The Press Newspaper
The Pennsylvania State Legislature is currently reviewing a bill that would help protect the health of pets.
Introduced by seven state senators, the legislation would require veterinarians to provide pet owners with Client Information Sheets (CIS) with Non-Steroidal Anti-Inflammatory Drugs (NSAIDs), commonly prescribed pain killers. Vets would also have to perform pre-screened blood tests to determine which animals may not be suitable for these drugs.
Similar legislation is expected to be introduced in other states, predicts www.srdogs.com, which focuses on issues relating to older dogs.
The Food and Drug Administration’s Center for Veterinary Medicine (CVM) notes NSAIDs pose serious health risks for pets, mostly dogs, and should be accompanied by detailed safety information. These drugs can be used safely when owners are provided critical information on their use. CIS is the veterinary equivalent of package inserts provided by pharmacies when filling prescriptions for humans. It includes the drug's label, warnings, and contraindications.
Owners of pets that have suffered adverse reactions to veterinary drugs told the FDA they were not provided CIS by veterinarians, though pharmaceutical companies issue CIS in the drugs' packaging. The FDA, as well as the drug industry, urge veterinarians to hand out CIS. Most, though, do not.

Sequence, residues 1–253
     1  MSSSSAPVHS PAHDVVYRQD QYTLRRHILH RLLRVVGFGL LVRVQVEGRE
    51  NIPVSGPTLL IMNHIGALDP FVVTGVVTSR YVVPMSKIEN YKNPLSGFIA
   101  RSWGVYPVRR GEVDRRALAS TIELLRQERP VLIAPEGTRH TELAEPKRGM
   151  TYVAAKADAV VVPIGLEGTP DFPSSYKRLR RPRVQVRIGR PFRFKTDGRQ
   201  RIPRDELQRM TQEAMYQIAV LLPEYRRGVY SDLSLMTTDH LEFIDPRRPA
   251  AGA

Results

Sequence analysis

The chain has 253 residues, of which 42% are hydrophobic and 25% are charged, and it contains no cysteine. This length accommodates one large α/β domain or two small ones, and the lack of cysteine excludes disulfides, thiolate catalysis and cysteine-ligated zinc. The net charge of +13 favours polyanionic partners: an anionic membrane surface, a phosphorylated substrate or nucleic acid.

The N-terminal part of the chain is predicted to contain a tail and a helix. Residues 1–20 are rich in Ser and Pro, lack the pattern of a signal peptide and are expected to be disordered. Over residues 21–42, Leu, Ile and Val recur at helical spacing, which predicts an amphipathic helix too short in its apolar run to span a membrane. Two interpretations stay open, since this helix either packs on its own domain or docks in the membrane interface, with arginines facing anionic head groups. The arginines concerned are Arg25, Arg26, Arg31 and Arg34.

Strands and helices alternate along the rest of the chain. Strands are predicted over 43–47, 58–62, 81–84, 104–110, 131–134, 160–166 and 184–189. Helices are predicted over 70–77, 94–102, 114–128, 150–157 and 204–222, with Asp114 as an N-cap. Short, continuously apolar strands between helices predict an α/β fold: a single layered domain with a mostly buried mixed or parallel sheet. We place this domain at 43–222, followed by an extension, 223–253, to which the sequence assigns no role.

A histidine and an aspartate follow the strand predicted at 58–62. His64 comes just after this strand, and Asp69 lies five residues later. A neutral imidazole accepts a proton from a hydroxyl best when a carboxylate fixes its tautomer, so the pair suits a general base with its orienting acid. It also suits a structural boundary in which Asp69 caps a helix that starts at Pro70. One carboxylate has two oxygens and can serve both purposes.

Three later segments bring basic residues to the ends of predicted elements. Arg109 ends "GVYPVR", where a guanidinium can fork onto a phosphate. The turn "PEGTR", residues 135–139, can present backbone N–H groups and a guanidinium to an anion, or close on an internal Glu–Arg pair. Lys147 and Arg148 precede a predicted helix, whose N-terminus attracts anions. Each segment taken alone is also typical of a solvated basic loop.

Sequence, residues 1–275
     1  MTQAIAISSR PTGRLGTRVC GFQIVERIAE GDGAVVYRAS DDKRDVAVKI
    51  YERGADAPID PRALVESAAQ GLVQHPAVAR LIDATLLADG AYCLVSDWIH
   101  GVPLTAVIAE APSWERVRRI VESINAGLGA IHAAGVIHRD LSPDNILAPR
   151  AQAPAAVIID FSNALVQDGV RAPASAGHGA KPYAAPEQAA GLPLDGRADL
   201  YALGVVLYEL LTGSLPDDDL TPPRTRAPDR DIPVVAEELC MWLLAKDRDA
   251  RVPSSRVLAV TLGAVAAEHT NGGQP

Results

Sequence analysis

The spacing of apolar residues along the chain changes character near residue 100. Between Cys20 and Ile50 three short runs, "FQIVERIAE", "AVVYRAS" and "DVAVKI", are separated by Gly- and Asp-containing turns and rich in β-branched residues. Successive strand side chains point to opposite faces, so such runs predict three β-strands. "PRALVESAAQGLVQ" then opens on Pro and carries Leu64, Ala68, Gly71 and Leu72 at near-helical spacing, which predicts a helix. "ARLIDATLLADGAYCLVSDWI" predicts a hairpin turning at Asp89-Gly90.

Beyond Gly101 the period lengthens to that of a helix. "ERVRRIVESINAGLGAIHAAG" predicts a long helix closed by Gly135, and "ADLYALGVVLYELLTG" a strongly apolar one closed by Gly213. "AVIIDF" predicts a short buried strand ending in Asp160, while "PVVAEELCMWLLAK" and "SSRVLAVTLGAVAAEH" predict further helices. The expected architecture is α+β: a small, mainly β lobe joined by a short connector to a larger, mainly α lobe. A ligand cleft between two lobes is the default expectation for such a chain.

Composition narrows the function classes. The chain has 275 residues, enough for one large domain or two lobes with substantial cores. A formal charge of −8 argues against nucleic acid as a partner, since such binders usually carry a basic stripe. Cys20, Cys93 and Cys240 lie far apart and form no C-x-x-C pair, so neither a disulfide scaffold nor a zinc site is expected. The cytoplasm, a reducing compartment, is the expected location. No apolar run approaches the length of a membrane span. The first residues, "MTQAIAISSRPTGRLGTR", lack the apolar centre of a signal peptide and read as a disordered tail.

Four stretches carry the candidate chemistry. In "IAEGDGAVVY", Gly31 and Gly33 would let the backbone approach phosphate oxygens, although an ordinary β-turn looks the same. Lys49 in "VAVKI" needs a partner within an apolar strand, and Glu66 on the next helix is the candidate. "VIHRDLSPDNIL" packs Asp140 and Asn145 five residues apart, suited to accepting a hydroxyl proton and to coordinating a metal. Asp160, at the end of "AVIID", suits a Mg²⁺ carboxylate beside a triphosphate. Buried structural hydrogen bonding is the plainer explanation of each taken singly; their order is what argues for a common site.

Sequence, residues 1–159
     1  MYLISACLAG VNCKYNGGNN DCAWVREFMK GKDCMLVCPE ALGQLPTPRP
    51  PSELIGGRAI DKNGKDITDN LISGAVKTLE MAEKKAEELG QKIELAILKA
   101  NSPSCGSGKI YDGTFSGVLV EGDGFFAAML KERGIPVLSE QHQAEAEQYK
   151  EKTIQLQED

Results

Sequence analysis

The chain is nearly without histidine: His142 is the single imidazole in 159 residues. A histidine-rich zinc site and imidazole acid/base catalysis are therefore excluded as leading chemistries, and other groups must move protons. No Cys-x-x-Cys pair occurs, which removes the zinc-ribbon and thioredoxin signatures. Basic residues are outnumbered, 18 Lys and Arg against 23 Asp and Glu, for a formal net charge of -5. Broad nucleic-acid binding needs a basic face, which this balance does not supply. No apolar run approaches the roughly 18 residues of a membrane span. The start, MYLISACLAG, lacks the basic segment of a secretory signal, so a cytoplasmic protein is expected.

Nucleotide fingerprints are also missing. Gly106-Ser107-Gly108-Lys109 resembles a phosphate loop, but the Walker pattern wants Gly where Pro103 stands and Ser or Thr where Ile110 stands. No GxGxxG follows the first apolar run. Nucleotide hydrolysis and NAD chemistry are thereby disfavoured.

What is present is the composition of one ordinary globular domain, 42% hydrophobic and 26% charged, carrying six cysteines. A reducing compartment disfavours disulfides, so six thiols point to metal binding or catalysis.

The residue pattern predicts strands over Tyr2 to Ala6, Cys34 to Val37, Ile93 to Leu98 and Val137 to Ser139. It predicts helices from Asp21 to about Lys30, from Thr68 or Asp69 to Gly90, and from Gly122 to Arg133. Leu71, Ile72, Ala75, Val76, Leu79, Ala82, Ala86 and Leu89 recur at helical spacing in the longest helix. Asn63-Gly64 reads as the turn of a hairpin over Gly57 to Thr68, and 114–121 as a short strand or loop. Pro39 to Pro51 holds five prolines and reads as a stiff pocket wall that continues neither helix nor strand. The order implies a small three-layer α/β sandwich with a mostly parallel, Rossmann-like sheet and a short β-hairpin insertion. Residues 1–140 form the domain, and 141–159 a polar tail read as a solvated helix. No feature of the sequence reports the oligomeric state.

“For the past six years, owners have appealed, to no avail, to state veterinary boards to mandate that vets provide this critical information to owners. Similarly hundreds of complaints have been filed against vets for not providing owners with Client Information Sheets," the website maintains.
State Rep. Jeanine Perry, from the 49 th district, said vets should be required to hand out CIS.
“I support the concept that full disclosure should be made if the information is known," said Perry, who is not running for re-election this year due to term limitations.
Oregon City Councilman Matt Szollosi, one of two candidates running for Perry's seat, would support a requirement for vets to hand out CIS.
The FDA "has invested millions of dollars to monitor and review the effects of certain drugs for adverse reactions," Szollosi said. “Client Information Sheets are meant to be simple, informative, and easy to understand, and should not be withheld from pet owners.”
His opponent, Steve Hornyak, supports informed consent.
“As a lifelong pet owner, I would vote for such a law,” said Hornyak. “Our pets are members of our family, and are important companions for many seniors. We should receive the information relevant to any medications or procedures, and their risks. The requirement could be as simple as providing written side effects and risks of medications.”
If enacted, the Pennsylvania bill would also require veterinarians to perform pre-screened blood tests, which could determine risks of drugs and surgical procedures before treatment.